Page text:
North America

Atlas Pilots Protest at Annual Meeting

On the heels of a nearly unanimous vote to strike by pilots flying for DHL, pilots from DHL’s largest North American contractor are picketing in New York

On the heels of a nearly unanimous vote to strike by U.S. pilots flying for DHL, pilots from DHL’s largest North American contractor are picketing in New York this morning outside the annual shareholder meeting of their parent company, Atlas Air Worldwide Holdings, Inc. (AAWW).

Atlas Air and Southern Air pilots are currently lined up on the Avenue of the Americas in midtown Manhattan, holding signs reading, “Our Families Deserve Better” and “Atlas Air Worldwide Holdings Pilots Ready to Strike.” The pilots are calling on Atlas Air and AAWW executives to stop driving down standards for pilots throughout the cargo industry.

“We’re here because we need Atlas to stop playing games and get serious about working with us to come to a fair contract agreement that ensures we can safely and efficiently meet the demands of clients like DHL and Amazon,” said Atlas Air Captain Mike Griffith who is protesting today.

AAWW owns three airlines that fly for DHL: Atlas Air, Inc., Polar Air Cargo, Inc. and Southern Air Holdings, Inc.

Despite rising profits at AAWW and DHL, AAWW and its airline affiliates refuse to negotiate fairly with its Atlas, Polar and Southern pilots. In an effort to sidestep negotiations that had begun before the AAWW-SAI acquisition, AAWW and its airline affiliates are attempting to force the pilots to merge the now obsolete Atlas Air contract with Southern Air’s concessionary contract that was negotiated during bankruptcy. AAWW’s stated objective is to merge the two contracts through binding arbitration, rather than through traditional arms-length negotiations with its pilots in accordance with the Railway Labor Act, the federal statute that governs airline negotiations. This push to force arbitration upon the pilots is part of an overarching strategy to suppress wages and slash quality of life provisions and pilot work protections, thereby driving down standards for the entire industry.

“No one wants to work more for less,” added Griffith. “Yet, that is the equivalent of what AAWW is trying to do the pilots flying for Atlas and Polar.”

Atlas Air Captain Aaron Vasquez

Atlas Air Captain Aaron Vasquez

Meanwhile, the pilots flying for recently-acquired Southern Air were forced to give huge wage, benefit and work rule concessions when Southern Air was in bankruptcy and in danger of liquidation. The result is that the Southern Air pilots have continued working too many hours flying cargo around the world for very little pay and even less rest.  The current Atlas Air contract is also below industry standards. According to a comparison study conducted by Teamsters Local 1224, AAWW pilots are paid considerably less and work much longer hours than pilots who fly for UPS or FedEx. Pilots at Atlas, Polar and Southern reported being forced to fly long hours with minimal rest time in between flights, leading to dangerous fatigue.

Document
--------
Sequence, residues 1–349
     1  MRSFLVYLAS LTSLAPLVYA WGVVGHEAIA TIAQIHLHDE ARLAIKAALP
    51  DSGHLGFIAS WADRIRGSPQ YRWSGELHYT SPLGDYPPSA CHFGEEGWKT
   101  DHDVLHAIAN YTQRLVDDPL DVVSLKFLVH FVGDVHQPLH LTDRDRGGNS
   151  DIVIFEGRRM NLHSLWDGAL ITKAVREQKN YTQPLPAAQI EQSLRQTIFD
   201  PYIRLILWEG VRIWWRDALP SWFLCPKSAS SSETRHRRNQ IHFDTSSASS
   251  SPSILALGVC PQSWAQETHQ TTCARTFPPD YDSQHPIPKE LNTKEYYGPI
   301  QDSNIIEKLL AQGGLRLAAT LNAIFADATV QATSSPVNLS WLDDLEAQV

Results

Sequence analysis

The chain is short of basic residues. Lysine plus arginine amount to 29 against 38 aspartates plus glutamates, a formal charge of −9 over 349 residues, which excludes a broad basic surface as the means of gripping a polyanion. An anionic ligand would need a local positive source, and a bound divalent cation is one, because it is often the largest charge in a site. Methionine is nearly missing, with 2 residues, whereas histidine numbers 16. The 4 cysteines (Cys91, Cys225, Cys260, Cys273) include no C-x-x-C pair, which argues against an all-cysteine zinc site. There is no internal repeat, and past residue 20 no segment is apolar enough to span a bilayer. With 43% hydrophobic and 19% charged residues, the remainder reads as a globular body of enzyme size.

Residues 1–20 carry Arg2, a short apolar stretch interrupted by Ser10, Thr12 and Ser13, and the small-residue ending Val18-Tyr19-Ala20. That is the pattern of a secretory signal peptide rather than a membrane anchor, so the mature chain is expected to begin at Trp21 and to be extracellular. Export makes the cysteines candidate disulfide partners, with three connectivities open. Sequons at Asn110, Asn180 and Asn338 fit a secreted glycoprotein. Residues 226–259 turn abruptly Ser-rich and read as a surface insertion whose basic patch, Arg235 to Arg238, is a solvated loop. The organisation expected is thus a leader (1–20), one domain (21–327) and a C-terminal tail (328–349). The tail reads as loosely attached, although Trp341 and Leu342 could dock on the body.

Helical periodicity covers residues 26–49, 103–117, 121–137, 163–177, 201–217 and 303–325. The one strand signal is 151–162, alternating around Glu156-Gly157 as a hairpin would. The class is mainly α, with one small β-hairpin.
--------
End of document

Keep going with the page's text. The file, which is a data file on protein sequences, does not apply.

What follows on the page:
“No pilot should have to work for 28 hours straight without any rest. It’s extremely dangerous, yet that’s the standard for many Southern Air pilots,” said Southern Air First Officer Philip Forsberg, who is protesting today alongside the Atlas pilots. “Since acquiring Southern Air, AAWW’s actions have made it clear that they have no intention of improving the dangerous workplace policies under which our pilots are forced to operate.”

Citing growing concerns over stalled contract negotiations, pilots at the three AAWW carriers and two additional North American DHL-contracted airlines, ABX and Kalitta Air, recently voted with 99 percent support to strike if necessary. Nearly 2,000 pilots voted. The pilots at the five carriers are represented by the International Brotherhood of Teamsters and its airline affiliate, Teamsters Local 1224.

A strike would halt AAWW’s global flying and cripple operations for DHL. DHL accounts for more than 50 percent of Atlas Air’s business, and it is the sole customer of Southern Air. A strike could also have a significant impact on The e-retailer just signed an agreement with Atlas Air to double its fleet for domestic packages.

“Pilots across AAWW and other American carriers flying for DHL are united because we know our families deserve better. We deserve to be treated fairly, and we simply won’t stand for the global race to the bottom that is affecting the entire cargo industry,” said Teamsters Local 1224 President and Atlas Air Captain Daniel C. Wells. “AAWW executives and shareholders should be gravely concerned that the pilots who keep Atlas and DHL running are ready to strike.”

AAWW and DHL have all seen profits rise in recent years. DHL reported €59.2 billion (66.7 billion US dollars) in increased consolidated revenue this past year, with the express division – which includes the operations of AAWW and Southern Air– being its strongest and most profitable division. Adjusted net income attributable in 2015 to AAWW’s common stockholders totaled $125.3 million, or $5.01 per diluted share, on revenues of $1.8 billion.

Atlas Air pilots and AAWW recently entered into federally mediated contract negotiations. The International Brotherhood of Teamsters, Teamsters Airline Division and APA Teamsters Local 1224, filed for mediation with the National Mediation Board (NMB) after Atlas Air refused to engage in any further legally-mandated negotiations.

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